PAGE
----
So I popped in the new pads. Bentley describes the procedure well, but did I do a careful reading? No, I didn’t. I removed both bolts from the caliper slider and removed slider to install pads. That is NOT how to do it. There are bold warnings not to re-use those slider bolts and the new pads came with just 2 new bolts (with pre-applied thread locker). I was puzzled by this, I thought I was shorted 2 bolts. So I used loctite and re-used the old bolts. This was both good and bad as you will see later. I finished pad replacement Monday evening and did not take van for test drive, yet another dumb-assed mistake. Next morning I had an important errand and as I drove out I noticed a rubbing/clicking noise from front right wheel. Bloody hell, drove back and popped that wheel to look. Rushed examination, pulled pads, noticed scoring on inside pad where it was hitting the un-worn area of rotor. Aha I thought, and beveled that part of pad a tad¬†with stationary belt sander. Noise still there. Borrowed car and rushed out. I had the chance to drop by Autospiel that day and talk to Russ about this noise. I explained situation, he asked if I had checked that the rim, or balancing weights were not hitting caliper, I said no, I believed it was the pad on the un-worn part of rotor. Why don’t I listen and think? I decided to by a couple of new Brembo rotors from him (39 bucks a piece), and at same time, noticed them on the counter, a set of radius arm bushings (mine are old and worn out, I’ll post about replacement later, nothing to do with brake job). Got back home and set about rotor replacement.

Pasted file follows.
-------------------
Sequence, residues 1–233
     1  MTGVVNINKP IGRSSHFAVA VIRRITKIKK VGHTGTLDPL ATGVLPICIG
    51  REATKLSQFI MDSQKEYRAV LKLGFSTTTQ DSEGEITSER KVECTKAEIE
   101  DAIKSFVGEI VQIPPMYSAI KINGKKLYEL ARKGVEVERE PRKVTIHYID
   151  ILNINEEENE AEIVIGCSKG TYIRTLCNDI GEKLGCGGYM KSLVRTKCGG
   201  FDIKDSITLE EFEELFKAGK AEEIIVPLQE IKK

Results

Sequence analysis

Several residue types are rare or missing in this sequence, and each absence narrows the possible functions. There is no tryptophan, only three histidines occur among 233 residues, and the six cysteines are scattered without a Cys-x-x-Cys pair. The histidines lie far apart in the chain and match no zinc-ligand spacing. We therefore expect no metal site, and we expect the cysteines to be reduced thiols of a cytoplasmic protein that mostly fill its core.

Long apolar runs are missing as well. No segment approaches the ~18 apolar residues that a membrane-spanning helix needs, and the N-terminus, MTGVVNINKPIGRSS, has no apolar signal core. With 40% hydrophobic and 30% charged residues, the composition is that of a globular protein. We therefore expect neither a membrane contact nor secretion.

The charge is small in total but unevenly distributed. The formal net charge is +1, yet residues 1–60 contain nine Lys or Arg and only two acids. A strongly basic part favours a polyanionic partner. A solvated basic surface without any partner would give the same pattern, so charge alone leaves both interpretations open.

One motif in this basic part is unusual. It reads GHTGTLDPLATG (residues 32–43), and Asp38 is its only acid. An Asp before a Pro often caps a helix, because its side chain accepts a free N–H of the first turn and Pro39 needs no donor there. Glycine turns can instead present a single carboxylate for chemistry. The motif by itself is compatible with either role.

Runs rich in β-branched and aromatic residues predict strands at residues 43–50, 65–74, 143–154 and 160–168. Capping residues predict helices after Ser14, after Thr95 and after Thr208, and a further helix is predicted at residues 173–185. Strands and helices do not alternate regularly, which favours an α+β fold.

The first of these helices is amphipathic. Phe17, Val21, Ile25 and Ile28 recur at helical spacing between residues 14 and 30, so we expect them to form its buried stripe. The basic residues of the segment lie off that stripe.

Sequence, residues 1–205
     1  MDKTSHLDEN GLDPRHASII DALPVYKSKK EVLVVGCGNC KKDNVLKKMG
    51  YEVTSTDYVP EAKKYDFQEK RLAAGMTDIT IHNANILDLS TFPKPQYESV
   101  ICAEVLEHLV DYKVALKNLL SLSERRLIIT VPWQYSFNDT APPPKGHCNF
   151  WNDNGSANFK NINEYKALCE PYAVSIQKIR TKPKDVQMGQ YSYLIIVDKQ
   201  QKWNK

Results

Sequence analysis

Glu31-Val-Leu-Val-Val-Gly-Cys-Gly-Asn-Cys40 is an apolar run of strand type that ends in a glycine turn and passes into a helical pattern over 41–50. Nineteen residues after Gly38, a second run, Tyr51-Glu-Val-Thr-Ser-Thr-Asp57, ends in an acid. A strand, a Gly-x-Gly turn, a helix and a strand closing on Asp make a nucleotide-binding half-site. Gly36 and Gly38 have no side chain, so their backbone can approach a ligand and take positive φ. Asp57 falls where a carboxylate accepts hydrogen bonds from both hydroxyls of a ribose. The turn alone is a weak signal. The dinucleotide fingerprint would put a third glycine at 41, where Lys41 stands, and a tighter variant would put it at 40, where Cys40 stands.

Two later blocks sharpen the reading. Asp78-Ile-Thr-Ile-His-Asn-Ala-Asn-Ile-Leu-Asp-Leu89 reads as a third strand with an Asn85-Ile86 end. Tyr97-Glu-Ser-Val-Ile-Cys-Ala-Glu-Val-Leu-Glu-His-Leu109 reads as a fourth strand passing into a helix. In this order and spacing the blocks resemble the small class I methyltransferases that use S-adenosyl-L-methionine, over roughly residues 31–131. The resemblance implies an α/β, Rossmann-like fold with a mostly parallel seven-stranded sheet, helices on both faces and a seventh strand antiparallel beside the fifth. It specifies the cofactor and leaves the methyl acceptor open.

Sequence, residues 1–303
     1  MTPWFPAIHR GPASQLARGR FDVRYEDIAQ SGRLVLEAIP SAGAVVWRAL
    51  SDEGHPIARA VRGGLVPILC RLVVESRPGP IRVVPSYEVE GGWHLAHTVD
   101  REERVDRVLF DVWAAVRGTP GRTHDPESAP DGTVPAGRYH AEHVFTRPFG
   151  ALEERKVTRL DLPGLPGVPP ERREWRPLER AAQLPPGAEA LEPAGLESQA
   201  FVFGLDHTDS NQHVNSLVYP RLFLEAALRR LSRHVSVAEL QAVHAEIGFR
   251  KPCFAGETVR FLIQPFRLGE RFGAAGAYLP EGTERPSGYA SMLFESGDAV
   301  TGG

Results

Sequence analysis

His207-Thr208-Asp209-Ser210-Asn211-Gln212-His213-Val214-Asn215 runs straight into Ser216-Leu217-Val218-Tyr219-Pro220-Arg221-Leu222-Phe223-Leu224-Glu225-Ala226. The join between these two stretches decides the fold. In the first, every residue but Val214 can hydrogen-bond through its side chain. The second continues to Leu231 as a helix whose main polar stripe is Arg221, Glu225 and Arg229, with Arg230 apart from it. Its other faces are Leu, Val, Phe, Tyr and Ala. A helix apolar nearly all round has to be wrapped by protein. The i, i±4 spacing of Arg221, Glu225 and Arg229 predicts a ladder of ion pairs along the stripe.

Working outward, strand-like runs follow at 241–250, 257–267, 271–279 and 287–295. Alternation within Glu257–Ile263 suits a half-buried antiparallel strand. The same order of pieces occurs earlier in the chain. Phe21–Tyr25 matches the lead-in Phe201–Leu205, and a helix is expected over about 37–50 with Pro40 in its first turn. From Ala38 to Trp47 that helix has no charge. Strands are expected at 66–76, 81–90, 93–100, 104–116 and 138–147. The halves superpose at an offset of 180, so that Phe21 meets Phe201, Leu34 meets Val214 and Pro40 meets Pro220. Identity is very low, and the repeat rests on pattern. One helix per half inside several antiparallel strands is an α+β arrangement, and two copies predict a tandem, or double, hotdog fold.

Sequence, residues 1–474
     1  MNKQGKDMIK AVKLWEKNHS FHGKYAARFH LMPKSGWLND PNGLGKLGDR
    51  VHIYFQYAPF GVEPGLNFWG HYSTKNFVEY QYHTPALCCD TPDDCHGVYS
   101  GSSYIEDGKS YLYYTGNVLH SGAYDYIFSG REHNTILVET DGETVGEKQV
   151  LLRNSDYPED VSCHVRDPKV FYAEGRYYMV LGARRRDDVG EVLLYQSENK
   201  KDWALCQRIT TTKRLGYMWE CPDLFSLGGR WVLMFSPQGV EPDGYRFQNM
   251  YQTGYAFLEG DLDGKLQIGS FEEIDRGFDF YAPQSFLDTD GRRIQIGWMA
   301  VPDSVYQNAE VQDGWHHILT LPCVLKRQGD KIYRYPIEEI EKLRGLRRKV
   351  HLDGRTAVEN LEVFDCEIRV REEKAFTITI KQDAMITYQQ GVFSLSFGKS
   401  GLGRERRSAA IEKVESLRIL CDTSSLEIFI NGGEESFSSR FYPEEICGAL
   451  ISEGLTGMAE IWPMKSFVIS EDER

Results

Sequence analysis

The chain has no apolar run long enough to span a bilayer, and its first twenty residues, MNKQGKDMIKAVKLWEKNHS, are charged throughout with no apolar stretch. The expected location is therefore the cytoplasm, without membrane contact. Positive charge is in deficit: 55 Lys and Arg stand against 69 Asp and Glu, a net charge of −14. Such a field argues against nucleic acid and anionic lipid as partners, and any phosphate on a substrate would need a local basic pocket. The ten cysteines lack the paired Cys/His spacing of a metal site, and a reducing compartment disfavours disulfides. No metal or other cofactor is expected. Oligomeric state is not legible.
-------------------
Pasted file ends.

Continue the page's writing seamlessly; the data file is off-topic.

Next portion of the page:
This time, doing it right. First remove the pads. Undo lower bolt of caliper slider, in this pic I have 13 mm wrench on bolt and crescent wrench on flat of slider rod.

With that bolt out, the caliper body swings up and the pads exposed. Pull out pads.

Now those aneurism inducing 22 mm bolts (2) that hold caliper body to suspension upright. They are on tight (200 ft-lbs) and not much access for the lift deprived driveway “mechanic”. Shoot, forgot to state the usual warnings, ie support van SECURELY on jack stand/good wooden blocks during this procedure. You are really putting a lot of grunt into the van when loosening and tightening those bolts.